Nate Silver And The Age of Data Journalism


A few days ago, the new version of Nate Silver’s FiveThirtyEight went live, backed by ESPN.

According to Silver’s observations, explained in his site’s manifesto, the market is ripe for a data-oriented journalism.

I totally agree. A day doesn’t go by in which I hear or read an argument that painfully drags along because of its lack of data. Facebook, Twitter and the traditional media are full of these poorly documented ideas and debates.

I don’t know how it is in other countries, but where I come from, us engineers chose our career because we were socially awkward and/or bad with words, whereas others chose mass communications because they were poor at math. Turns out that basic math and the arithmetic rule of three are insufficient tools for explaining complex phenomena in the real world.

One of the first posts in FiveThirtyEight was precisely about my home country and it coldly and matter-of-factly explains the current political crisis just using numbers.

I think that you either believe in science (and the importance of science) or you don’t. And it’s a dogma. People from one camp just cannot have arguments with the other because they live in different realities. “Do you believe in science? Do you know how to spot a tainted poll?” should be the starting questions for any debate.

And if you believe in science and want to have intelligent discussions or want to report the issues, then you better take a look at the numbers and take the time to understand them. We are living in a world with a fantastic overabundance of data, in which public databases are just a click away, tools like Excel and R allows you to do statistical analysis and sites like FiveThirtyEight digest and explain what the data says in (somewhat) easier terms. There’s no excuse –besides trolling– for being an ill-prepared journalist or discussing well-documented issues using false premises.


Moneyballing criminal justice

One of the problems of justice systems everywhere is that they depend on subjectivity and have near zero data-mining expertise. Because of that, tons of money are wasted in keeping low-risk offenders in jail.

As the attorney general for New Jersey, Anne Milgram changed the panorama of her state’s criminal justice system. By applying statistics to create projections, she devised a dashboard to single out the worst offenders and make sure that they were prosecuted. By applying Moneyball concepts, her methods minimized subjetive decisions, lowered costs and optimized the justice system.

Full of Interesting Strangers | Michael Loop


@rands writes a wonderful recap of what’s right and what’s wrong with conference badges and gives some insightful advise on proper conference badge design:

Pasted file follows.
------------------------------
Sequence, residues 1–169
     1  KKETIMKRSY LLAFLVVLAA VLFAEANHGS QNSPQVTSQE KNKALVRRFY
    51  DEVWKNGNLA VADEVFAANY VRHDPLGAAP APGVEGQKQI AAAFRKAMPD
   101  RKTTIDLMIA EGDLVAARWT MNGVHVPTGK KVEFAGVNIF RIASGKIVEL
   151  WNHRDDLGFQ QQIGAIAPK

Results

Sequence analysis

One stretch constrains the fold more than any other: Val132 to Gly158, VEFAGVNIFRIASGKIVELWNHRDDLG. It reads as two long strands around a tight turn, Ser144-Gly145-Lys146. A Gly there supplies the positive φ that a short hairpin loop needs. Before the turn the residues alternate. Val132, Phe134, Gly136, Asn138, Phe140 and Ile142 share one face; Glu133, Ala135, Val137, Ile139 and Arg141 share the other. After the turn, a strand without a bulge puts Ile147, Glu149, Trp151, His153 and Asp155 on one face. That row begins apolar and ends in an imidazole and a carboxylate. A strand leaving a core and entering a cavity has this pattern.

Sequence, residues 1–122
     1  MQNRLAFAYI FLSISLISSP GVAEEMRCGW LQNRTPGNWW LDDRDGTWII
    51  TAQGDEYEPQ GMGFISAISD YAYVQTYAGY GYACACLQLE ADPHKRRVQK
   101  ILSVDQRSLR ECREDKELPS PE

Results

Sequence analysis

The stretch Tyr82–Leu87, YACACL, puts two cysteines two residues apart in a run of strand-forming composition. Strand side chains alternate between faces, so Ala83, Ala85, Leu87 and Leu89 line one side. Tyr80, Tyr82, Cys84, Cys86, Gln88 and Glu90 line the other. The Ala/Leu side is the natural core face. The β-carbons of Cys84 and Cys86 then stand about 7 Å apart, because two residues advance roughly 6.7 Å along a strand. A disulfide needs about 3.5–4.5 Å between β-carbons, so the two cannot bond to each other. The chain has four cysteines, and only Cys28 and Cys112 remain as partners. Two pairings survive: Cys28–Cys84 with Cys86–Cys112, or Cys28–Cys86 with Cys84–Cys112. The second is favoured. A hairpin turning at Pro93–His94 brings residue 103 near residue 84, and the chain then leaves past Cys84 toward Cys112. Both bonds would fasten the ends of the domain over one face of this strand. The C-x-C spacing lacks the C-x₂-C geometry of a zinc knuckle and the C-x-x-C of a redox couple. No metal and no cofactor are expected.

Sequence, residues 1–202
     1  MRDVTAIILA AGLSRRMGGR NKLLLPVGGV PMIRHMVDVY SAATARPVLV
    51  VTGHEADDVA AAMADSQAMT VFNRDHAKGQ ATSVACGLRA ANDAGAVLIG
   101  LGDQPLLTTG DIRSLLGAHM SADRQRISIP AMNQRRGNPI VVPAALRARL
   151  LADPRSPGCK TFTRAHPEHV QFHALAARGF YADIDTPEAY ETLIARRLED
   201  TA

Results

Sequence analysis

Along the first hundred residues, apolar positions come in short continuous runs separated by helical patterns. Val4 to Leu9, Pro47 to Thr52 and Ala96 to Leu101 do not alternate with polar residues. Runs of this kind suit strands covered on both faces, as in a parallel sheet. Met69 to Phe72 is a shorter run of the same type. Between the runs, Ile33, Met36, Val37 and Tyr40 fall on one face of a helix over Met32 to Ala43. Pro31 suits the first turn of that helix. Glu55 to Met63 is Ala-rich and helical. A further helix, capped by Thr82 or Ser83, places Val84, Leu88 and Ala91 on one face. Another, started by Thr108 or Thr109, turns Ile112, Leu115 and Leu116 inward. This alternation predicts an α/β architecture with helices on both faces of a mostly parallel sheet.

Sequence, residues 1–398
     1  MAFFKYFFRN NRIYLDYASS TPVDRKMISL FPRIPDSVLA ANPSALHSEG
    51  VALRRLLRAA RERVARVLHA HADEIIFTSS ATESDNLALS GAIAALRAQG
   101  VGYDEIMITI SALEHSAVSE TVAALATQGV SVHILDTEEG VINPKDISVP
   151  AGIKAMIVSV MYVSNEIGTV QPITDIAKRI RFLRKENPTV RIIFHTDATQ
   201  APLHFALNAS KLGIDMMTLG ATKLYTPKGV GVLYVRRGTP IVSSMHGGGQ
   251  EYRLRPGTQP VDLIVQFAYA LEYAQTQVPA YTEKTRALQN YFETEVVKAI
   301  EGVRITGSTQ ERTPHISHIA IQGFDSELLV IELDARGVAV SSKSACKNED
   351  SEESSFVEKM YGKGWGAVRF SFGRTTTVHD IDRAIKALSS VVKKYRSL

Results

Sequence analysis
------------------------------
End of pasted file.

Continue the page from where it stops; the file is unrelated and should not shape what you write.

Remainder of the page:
A Badge Connects You to the People.

The badge achieves this by providing as much social connection with as little social friction as possible.

A well-designed badge provides useful at-a-glance information.

When you walk up to an interesting stranger, you don’t really want to spend more than a half a second staring at their badge.

What’s their title? What do they do? This and other important information doesn’t belong on the badge: it belongs in the conversation facilitated by the badge. This is the point of the badge: to create a great many first conversations.

If you’re somehow connected to conference services, keep reading.



Who touched base in my thought shower? | Steven Poole

Who touched base in my thought shower

Who touched base in my thought shower is a book by Steven Poole (who writes the on

Reading it, I was often reminded of the Bill Lumbergh character in Office Space:

Only after working in very politicized organizations, I realized that there were people who constantly spoke like that. All day long. Saying things like:

This is an imagistic verbing – “We’re going to sunset that project/service/version” – that sounds more humane and poetic than “cancel” or “kill” or “stop supporting”. When faced with the choice between calling a spade a spade or using a cloying euphemism, you know which the bosses will choose. Happily, sunsetting also sounds less smelly than the venerable old mothballing.


To call something a “problem” is utterly verboten in the office: it’s bound to a) scare the horses and b), even worse, focus responsibility on the bosses. So let us instead deploy the compassionate counselling-speak of “issues”. The critic (and manager) Robert Potts translates “There are some issues around X” as: “There is a problem so big that we are scared to even talk about it directly.”

Actually, I’m guilty on that one 😉

Poole also writes the On Words series at The Guardian and is the author of Unspeak, a brilliant book on how words become weapons.

Doublespeak is not only the annoying source for some office humor. Using these words and not calling things by their name is a recipe for misunderstanding, uncertainty and fear. It’s the reason why some environments become toxic. Like Poole says, the only way to fight the effects of these words is to become aware of their use and try to investigate and contest their meaning.



This is magical.

In case you’re wondering, the app they’re using is Paper.